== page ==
1) Persons taking no active part in the hostilities, including members of armed forces who have laid down their arms and those placed hors de combat by sickness, wounds, detention, or any other cause, shall in all circumstances be treated humanely, without any adverse distinction founded on race, colour, religion or faith, sex, birth or wealth, or any other similar criteria.


    2) The wounded and sick shall be collected and cared for.


  14. 14.

    Henckaerts and Doswald-Beck 2005.

  15. 15.

    The acronym is variously written as ROE and RoE. While official documents often choose the first version, we have preferred the second as the more elegant.

  16. 16.

    Department of Defense 2010.

  17. 17.

    Department of Defense 2011.

  18. 18.

    FM 3-0 paras 1–85, pp. 1–19.

  19. 19.

    Bumgardner et al. 2010, p. 254.

  20. 20.

    Cole et al. 2009; At the Round Table of the Institute, which was held from 8 to 10 September 2011 in Sanremo, the audience was informed that the Handbook meanwhile has been translated into a great number of languages.

  21. 21.

    Cole et al. 2009, p. 1.

  22. 22.

    Ibid., p. 2.

  23. 23.

    Ibid; The law of armed conflict is synonymous to ‘international humanitarian law’ (IHL).

  24. 24.

    A particularly notorious case was the attack on the World Trade Center, with Al Qaeda claiming that the people working there could be equalled to combatants. In general, the past ‘liberation wars’ as well as recent cases of ‘asymmetric warfare’ in the Middle East and elsewhere provide an endless stream of acts violating the most fundamental principles of IHL.

  25. 25.

    Cole et al. 2009, p. 2 (emphasis added).

  26. 26.

    Cole et al. 2009, pp. 28–62.

  27. 27.

    NATO classifies situations of this type in politically even more neutral terms as Non-Article 5 Crisis Response Operations, i.e., situations that do not (as required in Article 5 of the North Atlantic Treaty) arise from an armed attack against one or more of the member states that would be considered an attack against them all; See AJP-3.4 (A) 2010.

  28. 28.

    FM 100-23, Appendix D, Annex A: ROE Card, Joint Task Force for Somalia Relief Operations—Ground Forces.

  29. 29.

    Cole et al. 2009, pp. 71–75.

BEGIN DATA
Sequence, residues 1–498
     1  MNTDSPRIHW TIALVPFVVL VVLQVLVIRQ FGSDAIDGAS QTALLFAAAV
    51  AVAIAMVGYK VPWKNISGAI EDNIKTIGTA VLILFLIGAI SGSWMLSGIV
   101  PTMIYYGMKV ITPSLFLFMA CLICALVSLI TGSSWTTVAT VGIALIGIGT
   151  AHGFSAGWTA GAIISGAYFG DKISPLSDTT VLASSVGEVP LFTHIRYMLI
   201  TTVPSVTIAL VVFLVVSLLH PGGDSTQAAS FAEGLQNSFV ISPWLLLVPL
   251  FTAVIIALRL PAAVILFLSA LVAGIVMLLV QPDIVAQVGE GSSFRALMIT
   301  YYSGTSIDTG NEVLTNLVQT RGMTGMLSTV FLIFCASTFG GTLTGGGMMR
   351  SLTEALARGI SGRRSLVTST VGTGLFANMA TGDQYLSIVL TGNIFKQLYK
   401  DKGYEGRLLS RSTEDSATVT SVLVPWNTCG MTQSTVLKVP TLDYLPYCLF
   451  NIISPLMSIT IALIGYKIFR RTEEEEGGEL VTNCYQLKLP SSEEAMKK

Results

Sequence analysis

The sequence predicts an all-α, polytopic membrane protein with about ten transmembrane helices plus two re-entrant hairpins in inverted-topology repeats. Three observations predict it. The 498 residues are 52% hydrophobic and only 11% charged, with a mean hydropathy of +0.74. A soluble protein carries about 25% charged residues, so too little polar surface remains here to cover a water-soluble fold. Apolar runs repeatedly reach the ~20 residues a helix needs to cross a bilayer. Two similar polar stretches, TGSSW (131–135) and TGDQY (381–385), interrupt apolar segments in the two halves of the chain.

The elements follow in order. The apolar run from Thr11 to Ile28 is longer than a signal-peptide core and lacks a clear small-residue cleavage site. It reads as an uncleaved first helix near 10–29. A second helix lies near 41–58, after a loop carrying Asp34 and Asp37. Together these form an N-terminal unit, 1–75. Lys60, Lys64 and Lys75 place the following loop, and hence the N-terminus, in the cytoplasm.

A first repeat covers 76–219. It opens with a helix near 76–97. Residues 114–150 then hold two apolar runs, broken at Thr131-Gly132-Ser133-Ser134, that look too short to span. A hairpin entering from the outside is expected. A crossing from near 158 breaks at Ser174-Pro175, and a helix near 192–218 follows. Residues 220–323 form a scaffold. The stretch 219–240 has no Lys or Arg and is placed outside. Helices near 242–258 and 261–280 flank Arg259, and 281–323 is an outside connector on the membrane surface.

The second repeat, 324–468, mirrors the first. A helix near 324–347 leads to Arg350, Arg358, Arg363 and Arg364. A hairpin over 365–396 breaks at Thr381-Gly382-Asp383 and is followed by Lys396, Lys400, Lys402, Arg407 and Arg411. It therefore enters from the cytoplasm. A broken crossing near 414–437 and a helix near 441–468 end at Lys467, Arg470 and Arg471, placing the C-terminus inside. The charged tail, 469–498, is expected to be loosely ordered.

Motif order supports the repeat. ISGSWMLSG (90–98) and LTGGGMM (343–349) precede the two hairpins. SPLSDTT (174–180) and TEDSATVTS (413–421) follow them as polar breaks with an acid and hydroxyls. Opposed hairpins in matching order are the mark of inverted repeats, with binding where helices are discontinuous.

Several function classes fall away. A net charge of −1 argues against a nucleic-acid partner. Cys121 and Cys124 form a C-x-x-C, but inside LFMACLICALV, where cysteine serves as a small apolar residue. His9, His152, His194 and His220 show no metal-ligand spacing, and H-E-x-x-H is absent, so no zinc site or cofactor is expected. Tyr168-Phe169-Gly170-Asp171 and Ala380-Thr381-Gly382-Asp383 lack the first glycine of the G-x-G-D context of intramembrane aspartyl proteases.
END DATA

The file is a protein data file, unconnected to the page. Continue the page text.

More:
30. 30.

    The cards provide that before opening fire in self-defence, and “if time and circumstances permit … [y]ou are to warn by shouting”. This suggests that the model RoE presented in the Handbook are soldiers cards. These characteristically contain far less policy, if any, than do the RoE directed at higher levels.

  31. 31.

    Cole et al. 2009, pp. 83–85.

  32. 32.

    Thus, the identical provision in Article 1 of the four Geneva Conventions of 1949 and Additional Protocol I of 1977, supra note 10; text available on the website of the ICRC,

  33. 33.

    An important exception is the United States, where unit self-defence is not merely a right but an obligation, and individual self-defence is a derivate of unit self-defence: “Unit commanders always retain the inherent right and obligation to exercise unit self-defense in response to a hostile act or demonstrated hostile intent. Unless otherwise directed by a unit commander as detailed below, military members may exercise individual self-defense in response to a hostile act or demonstrated hostile intent. When individuals are assigned and acting as part of a unit, individual self-defense should be considered a subset of unit self-defense. As such, unit commanders may limit individual self-defense by members of their unit.” Operational Law Handbook 2012, Chapter 5, E 2, a (1) Inherent Right of Self-Defense.

  34. 34.

    For an author who paid particularly close attention to the notion of unit self-defence, see Stephens 1998.

  35. 35.

    The term ‘individual self-defence’ is also used as the counterpart of ‘collective self-defence’.